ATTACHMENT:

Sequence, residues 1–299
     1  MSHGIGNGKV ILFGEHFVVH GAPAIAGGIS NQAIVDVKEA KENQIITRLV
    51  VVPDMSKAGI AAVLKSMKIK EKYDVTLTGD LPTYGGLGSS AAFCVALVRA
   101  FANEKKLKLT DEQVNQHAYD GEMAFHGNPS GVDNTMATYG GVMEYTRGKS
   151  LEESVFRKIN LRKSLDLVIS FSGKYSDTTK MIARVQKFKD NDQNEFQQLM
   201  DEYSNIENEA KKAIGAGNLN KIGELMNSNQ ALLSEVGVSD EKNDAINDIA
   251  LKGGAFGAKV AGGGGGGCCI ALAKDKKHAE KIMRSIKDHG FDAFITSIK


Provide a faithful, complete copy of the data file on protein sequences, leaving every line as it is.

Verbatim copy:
Sequence, residues 1–299
     1  MSHGIGNGKV ILFGEHFVVH GAPAIAGGIS NQAIVDVKEA KENQIITRLV
    51  VVPDMSKAGI AAVLKSMKIK EKYDVTLTGD LPTYGGLGSS AAFCVALVRA
   101  FANEKKLKLT DEQVNQHAYD GEMAFHGNPS GVDNTMATYG GVMEYTRGKS
   151  LEESVFRKIN LRKSLDLVIS FSGKYSDTTK MIARVQKFKD NDQNEFQQLM
   201  DEYSNIENEA KKAIGAGNLN KIGELMNSNQ ALLSEVGVSD EKNDAINDIA
   251  LKGGAFGAKV AGGGGGGCCI ALAKDKKHAE KIMRSIKDHG FDAFITSIK